Teachers can find lesson plans and ideas for incorporating Osmo into their curricula online through their myOsmo accounts. There's also a forum for discussing classroom implementation and a way to share your own lessons with the Osmo community. Teachers can use Tangrams for Osmo as a puzzle activity in a discovery or STEM station or center, or they can use it to teach shapes, colors, and how shapes can be combined and dissected.Continue reading Show less
Tangram for Osmo is a free download that accompanies the basic gaming system from Osmo. The system, which includes two other apps and toys, retails for $79.99. It comes with a base and a reflector attachment that clips over the iPad's camera. The base fits any iPad, requiring a slightly different configuration for the iPad Air and Mini. Tangram for Osmo includes the seven colorful tangram shapes, which kids use to form the designs shown on the iPad. The camera reflector allows the device to see what kids are doing with the toys. Teachers can set up individual profiles for each student in a class.
Students choose from Easy, Medium, or Hard levels. Harder levels can be unlocked after four Hard puzzles have been completed. Kids arrange the seven shapes in front of the game system to match the image on the device. As kids place a piece correctly, it shows up in color on the screen. Hints are available. Pictures of completed puzzles decorate the map, making a story of the play journey. Some puzzles free captive characters. Kids earn achievements as they complete different missions.Continue reading Show less
Classic puzzle play enters the digital age with this smart and impressive hybrid toy. Young kids can play and learn the most with these tangrams, but there's no age limit on the challenging fun. Students can choose to jump around challenge levels until they find the one that's just right for them, and with hundreds of puzzles, there's plenty to engage them. The way the screen plays out like a story (with the solved puzzles taking their place along the path) adds some extra fun, and kids who want to add some self-driven competition can work to unlock the achievements. The teacher supports are top-notch, with an educator community, lessons plans, and student profiles.
Really, the whole Osmo system is impressive, from the neat magnetic packaging to the sensitive, responsive technology; this is a game system that will bring fun and learning without taking up lots of space. Keep in mind that any iPad you use with Osmo will have to be removed from its cover, so teachers may want to have procedures in place to handle that.Continue reading Show less
Key Standards Supported
Describe objects in the environment using names of shapes, and describe the relative positions of these objects using terms such as above, below, beside, in front of, behind, and next to.
Correctly name shapes regardless of their orientations or overall size.
Identify shapes as two-dimensional (lying in a plane, “flat”) or three- dimensional (“solid”).
Analyze and compare two- and three-dimensional shapes, in different sizes and orientations, using informal language to describe their similarities, differences, parts (e.g., number of sides and vertices/“corners”) and other attributes (e.g., having sides of equal length).
Model shapes in the world by building shapes from components (e.g., sticks and clay balls) and drawing shapes.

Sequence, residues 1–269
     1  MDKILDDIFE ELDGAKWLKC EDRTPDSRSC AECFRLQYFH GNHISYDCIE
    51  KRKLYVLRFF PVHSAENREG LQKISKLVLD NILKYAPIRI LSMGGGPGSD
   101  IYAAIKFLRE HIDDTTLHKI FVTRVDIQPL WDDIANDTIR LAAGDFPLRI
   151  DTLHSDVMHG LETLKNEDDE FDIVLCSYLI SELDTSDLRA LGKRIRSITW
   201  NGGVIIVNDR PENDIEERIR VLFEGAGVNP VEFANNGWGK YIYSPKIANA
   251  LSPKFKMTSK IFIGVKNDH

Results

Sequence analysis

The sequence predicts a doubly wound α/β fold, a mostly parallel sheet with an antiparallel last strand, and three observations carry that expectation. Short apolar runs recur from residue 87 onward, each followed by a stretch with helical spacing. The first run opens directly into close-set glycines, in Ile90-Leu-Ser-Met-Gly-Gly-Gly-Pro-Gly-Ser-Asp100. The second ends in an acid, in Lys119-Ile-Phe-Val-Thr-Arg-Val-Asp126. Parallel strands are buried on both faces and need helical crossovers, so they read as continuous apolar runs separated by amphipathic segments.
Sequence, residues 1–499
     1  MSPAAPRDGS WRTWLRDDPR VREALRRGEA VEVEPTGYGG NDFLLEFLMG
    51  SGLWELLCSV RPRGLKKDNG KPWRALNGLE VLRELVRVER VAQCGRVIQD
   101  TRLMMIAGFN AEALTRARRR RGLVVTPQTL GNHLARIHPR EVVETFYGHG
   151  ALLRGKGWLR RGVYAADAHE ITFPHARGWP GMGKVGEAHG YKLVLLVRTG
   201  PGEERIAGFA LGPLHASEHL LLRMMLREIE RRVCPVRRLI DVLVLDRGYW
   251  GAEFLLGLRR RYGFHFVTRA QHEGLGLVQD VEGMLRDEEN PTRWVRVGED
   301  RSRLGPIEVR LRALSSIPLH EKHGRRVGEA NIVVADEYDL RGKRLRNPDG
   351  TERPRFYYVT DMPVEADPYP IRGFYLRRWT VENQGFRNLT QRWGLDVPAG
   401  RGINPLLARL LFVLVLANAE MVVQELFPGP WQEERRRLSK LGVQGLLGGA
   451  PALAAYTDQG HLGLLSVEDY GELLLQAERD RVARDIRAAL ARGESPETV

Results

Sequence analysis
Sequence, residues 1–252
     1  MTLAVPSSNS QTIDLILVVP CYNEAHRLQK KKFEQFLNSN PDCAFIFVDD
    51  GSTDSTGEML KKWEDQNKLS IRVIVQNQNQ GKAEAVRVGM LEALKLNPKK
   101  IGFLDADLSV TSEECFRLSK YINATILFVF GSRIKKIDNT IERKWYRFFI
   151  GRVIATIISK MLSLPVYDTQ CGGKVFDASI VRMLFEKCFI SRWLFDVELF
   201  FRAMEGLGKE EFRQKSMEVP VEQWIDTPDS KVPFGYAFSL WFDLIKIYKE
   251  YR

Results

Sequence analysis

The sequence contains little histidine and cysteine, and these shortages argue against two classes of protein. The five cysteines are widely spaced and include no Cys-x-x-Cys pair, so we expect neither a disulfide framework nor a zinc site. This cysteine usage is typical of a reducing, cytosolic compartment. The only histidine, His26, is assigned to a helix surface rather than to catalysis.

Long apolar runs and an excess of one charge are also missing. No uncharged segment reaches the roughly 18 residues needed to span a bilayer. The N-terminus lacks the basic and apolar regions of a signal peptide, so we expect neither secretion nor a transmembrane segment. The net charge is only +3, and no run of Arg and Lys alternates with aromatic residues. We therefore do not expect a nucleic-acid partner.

Compose simple shapes to form larger shapes. For example, “Can you join these two triangles with full sides touching to make a rectangle?”
Distinguish between defining attributes (e.g., triangles are closed and three-sided) versus non-defining attributes (e.g., color, orientation, overall size); build and draw shapes to possess defining attributes.
Compose two-dimensional shapes (rectangles, squares, trapezoids, triangles, half-circles, and quarter-circles) or three-dimensional shapes (cubes, right rectangular prisms, right circular cones, and right circular cylinders) to create a composite shape, and compose new shapes from the composite shape.4
Partition circles and rectangles into two and four equal shares, describe the shares using the words halves, fourths, and quarters, and use the phrases half of, fourth of, and quarter of. Describe the whole as two of, or four of the shares. Understand for these examples that decomposing into more equal shares creates smaller shares.
Recognize and draw shapes having specified attributes, such as a given number of angles or a given number of equal faces.5 Identify triangles, quadrilaterals, pentagons, hexagons, and cubes.
Partition a rectangle into rows and columns of same-size squares and count to find the total number of them.
Partition circles and rectangles into two, three, or four equal shares, describe the shares using the words halves, thirds, half of, a third of, etc., and describe the whole as two halves, three thirds, four fourths. Recognize that equal shares of identical wholes need not have the same shape.
Understand that shapes in different categories (e.g., rhombuses, rectangles, and others) may share attributes (e.g., having four sides), and that the shared attributes can define a larger category (e.g., quadrilaterals). Recognize rhombuses, rectangles, and squares as examples of quadrilaterals, and draw examples of quadrilaterals that do not belong to any of these subcategories.
Partition shapes into parts with equal areas. Express the area of each part as a unit fraction of the whole. For example, partition a shape into 4 parts with equal area, and describe the area of each part as 1/4 of the area of the shape.